Saturday, November 08, 2008

Book Review: The Audacity of Hope by Barack Obama

The Audacity of Hope The Audacity of Hope by Barack Obama


My review


rating: 5 of 5 stars
The Audacity of Hope is not a biography, it is a discussion of politics in the United States. It is not a denunciation of the current political system, but a description of it and how and why it developed the way it has.



Obama walks through a number of topics, the two-party system, values, the constitution, politics, opportunity, faith, and race, and writes about how each is related to the political process. He discusses the actual issues that are involved, how various groups within the United States view the various sides of the issues, and he discusses on how these issues are addressed during political campaigns.



The theoretical part is instructive. Among other things, Obama taught constitutional law in one of the top law schools in the country. That is not a qualification in itself, but he notes that it exposes him to intelligent people who will challenge details of his understanding, and force him to clarify the corners of what he believes. The chapter on constitutional law is probably one of the better descriptions of the views and implications of the strict constructionist view of law, and why Obama opposes it (Strict construction implies that the law should be taken as written. The opposition arguement "judicial review" is the law (especially founding fathers) tells us how to think, not what to think, the writers of the constitution actually disagreed on many things, so the concept of "founders intent" in "what to think" is meaningless. Since the founders left behind considerable commentary (paralleled by the congressional record in the case of laws), the commentary can be used in understanding "how to think" and give an understanding of how the law should be applied to the situation at hand.) )



The more practical components stem from his experiences on state and federal level campaigns (Illinois and U.S. Congress) and his experience at the community level as an organizer with a number of churches on the south side of Chicago. It is highly practical, how politics work at street level. It is probably one of the more comprehensive explanations of why special interests are so important to political campaigns, especially as the area covered by the campaign gets larger.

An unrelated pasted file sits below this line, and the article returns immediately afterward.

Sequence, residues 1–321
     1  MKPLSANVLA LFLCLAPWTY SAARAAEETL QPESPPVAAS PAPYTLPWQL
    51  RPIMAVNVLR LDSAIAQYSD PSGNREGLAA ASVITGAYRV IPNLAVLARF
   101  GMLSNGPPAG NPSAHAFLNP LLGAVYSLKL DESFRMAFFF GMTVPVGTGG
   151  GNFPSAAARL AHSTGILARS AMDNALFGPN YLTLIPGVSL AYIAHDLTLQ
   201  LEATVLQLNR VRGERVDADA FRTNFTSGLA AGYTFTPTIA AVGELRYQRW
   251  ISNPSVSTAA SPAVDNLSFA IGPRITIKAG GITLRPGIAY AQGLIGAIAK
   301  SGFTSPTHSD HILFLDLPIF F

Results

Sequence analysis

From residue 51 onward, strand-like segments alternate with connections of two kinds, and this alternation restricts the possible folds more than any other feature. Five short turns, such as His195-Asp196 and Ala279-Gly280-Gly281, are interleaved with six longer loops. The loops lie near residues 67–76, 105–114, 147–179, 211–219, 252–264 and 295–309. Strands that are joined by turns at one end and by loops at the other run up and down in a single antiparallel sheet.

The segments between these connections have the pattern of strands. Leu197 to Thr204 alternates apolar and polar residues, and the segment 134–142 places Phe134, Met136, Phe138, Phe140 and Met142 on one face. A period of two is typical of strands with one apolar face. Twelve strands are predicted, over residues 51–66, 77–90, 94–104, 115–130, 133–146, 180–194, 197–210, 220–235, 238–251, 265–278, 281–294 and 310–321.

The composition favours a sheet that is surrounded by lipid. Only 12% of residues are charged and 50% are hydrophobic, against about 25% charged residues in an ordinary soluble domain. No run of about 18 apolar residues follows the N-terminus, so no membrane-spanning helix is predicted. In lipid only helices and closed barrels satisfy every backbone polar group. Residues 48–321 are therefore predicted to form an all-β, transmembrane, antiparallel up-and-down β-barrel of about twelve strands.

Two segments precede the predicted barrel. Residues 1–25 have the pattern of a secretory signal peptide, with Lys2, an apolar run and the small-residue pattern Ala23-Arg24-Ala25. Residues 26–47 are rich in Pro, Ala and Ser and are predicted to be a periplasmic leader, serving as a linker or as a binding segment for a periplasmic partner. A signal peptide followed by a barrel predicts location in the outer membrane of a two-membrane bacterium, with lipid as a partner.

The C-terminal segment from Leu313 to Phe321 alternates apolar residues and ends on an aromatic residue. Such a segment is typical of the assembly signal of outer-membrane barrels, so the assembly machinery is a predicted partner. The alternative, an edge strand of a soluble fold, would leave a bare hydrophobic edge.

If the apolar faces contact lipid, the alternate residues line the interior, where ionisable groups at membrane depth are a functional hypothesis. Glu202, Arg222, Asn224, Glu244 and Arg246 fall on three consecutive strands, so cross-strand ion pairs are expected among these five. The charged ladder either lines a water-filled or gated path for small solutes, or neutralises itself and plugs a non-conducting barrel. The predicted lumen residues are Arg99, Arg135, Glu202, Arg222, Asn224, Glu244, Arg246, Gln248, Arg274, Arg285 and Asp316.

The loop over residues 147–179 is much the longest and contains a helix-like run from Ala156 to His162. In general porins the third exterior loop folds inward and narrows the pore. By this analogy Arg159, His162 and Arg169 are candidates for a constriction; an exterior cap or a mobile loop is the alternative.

His main point about special interests is they provide two things, money and political workers on the ground. A normal candidate cannot provide these things by him/herself because a mere candidate base of support starts as local, where the candidate has been working in the past. So all political candidates work with people who can provide large sums of funds, and motivate people who would be willing to speak on behalf of the candidate in various parts of the country, and to their neighbors through phone banks and canvassing. For the Democrats, the main groups that provide this manpower are labor unions, environmental groups, and prochoice groups. For Republicans, the key special interest groups are the religious right, local chambers of commerce, the NRA and anti-tax organizations. And the messages are "spun" by media in this context.



So it is instructive on how this understanding of the political process played out in the campaign. Not just how the sides were taken (the Republican advocacy of Strict construction, the Republican use of Gov. Palin to keep the key special interest groups involved in the campaign, the McCain/Palin emphasis on not raising taxes.) but how Obama structured his campaign. The emphasis on small donations rather then large donations. The refusal to take money from lobbyists or allow lobbyists to take positions in the campaign. The heavy recruiting of volunteers not associated with unions, environmental or prochoice groups. So if a lobbyist comes to advocate a position, that lobbyist cannot say that the group he represents provided the decisive contribution to the Obama campaign, in either money or workers. The lobbyist must advocate the issue on its face.



Audacity of Hope is a primer on the U.S. political system, both as theory, and how it actually works and why. It also provides a framework to look at the American political system at work. And, it provides thoughts on how the more self-destructive tendencies can be mitigated. The next question is how this works in practice.


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